Stealthy probe of cop’s beating
March 30, 1998
For the past two months, a secret investigation has been conducted into the alleged beating of an off-duty city cop by state troopers in Nassau County.
Subpoenas are about to be served by the Nassau County district attorney, whose investigation has been conducted so stealthily that NYPD investigators conducting their own probe of the incident were asked not to question the two accused troopers, William Hulse and Leroy Ricksy, for fear of alerting state police to the probe.
Ed Grilli, a spokesman for Nassau County District Attorney Denis Dillon, confirmed the investigation's existence when questioned by Newsday Friday. "We have received a complaint relative to an incident involving an off-duty New York City policeman," he said. "Our Special Investigations unit does in fact have an investigation of that allegation. I can't comment any further at this time."
State Police Capt. Michael Williams of the Valley Stream station, where the beating allegedly occurred, said, "It's customary to alert us to allegations involving excessive force so we can begin our own investigation." He added, "This is the first I've heard of it."
The alleged beating of Police Officer John Walsh occurred on Jan. 10 after state troopers stopped a Lincoln Continental on Long Island's Southern State Parkway in which Walsh was a passenger en route to Atlantic City. The alleged incident mirrors the complaints of scores of citizens who have charged the NYPD with stationhouse brutality.
When troopers attempted to arrest the driver, Michael W. Dorsa, for driving while intoxicated, Walsh interceded and was charged with resisting arrest and obstruction of justice, Williams said. "He attempted to prevent troopers from arresting his friend. He was drinking himself," Williams said.
At the Valley Stream barracks, Williams said, "He created a disturbance in the lobby. A struggle ensued and he suffered contusions and abrasions to his lip, nose and face."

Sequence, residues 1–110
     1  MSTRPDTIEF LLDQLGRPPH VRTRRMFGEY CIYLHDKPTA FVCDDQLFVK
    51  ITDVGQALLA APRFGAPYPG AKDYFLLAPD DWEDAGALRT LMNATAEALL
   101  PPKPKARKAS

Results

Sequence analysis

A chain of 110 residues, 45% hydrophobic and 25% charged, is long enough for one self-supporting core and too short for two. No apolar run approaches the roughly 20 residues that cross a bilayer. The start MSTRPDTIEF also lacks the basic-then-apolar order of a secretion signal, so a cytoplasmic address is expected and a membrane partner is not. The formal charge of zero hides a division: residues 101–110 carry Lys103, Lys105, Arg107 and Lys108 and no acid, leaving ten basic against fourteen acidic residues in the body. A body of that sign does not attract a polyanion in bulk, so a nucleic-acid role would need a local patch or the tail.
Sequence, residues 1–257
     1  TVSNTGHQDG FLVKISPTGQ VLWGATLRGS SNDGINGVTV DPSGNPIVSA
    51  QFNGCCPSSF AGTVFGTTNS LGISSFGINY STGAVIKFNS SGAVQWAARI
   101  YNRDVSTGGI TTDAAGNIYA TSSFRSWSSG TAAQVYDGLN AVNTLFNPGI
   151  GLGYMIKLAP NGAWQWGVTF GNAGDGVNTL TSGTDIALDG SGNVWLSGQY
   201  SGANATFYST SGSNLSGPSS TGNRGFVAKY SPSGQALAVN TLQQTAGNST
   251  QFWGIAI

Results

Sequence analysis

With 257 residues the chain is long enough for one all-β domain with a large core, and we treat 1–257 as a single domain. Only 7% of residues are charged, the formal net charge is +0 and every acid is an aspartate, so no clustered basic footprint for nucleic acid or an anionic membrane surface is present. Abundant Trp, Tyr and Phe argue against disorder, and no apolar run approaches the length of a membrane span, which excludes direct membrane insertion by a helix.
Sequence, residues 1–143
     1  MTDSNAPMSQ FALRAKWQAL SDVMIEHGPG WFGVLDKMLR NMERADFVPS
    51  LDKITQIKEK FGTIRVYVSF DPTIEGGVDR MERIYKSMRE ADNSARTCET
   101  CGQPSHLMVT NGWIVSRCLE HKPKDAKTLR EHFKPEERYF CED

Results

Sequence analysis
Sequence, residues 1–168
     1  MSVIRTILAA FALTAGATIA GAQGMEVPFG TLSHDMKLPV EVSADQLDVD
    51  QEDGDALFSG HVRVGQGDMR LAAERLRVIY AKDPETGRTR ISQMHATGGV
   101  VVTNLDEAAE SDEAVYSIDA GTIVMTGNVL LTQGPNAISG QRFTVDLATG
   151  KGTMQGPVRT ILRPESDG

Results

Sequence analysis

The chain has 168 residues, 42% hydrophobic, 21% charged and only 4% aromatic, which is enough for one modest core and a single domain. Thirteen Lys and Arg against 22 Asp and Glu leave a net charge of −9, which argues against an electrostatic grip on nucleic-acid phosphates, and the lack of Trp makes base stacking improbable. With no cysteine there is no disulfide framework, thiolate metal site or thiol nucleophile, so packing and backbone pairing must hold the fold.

Walsh, who was suspended by the NYPD over the incident, did not return a phone message at the Brooklyn courts, where he is assigned.
Williams professed surprise at Walsh's allegations. "The zone sergeant interviewed him. He declined medical assistance and signed a statement he was not injured."
Maybe Not So Clean Gene. The ax may soon fall across the neck of Staten Island's borough commander, Assistant Chief Gene Devlin, over a sexual harassment complaint.
Devlin was recently questioned at length by Sandra Marsh, deputy commissioner of the department's Equal Employment Opportunity Office. Devlin's crime: failing to notify Marsh's office after Police Officer StaceyMaher filed a sexual harassment complaint against a lieutenant and was then called "a rat" by her commander, Sgt. Jacqueline Smarsch. Instead, Devlin transferred Maher and promoted Smarsch to lieutenant.
Contrast those bonuses to the raises awarded all sanitation employees working on two-man trucks or those awarded all firefighters participating in advanced medical training. The selected patrol cops, on the other hand, will be chosen by their precinct commanders so that the bonuses are at the discretion of management - with no union input.
Equally embarrassing to the PBA was the manner in which its president Lou Matarazzo's support for the bonuses was made public. Matarazzo's printed statement was passed out to reporters by none other than Safir.
But neither the attorney Bonita Zelman nor anyone from the LOA showed up. Instead, the LOA issued a press release saying Bennett "is now in greater fear of retaliation. Overwhelmed by the potential impact on his family and friends he has chosen today not to speak."
© 1998 Newsday, Inc. Reprinted with permission.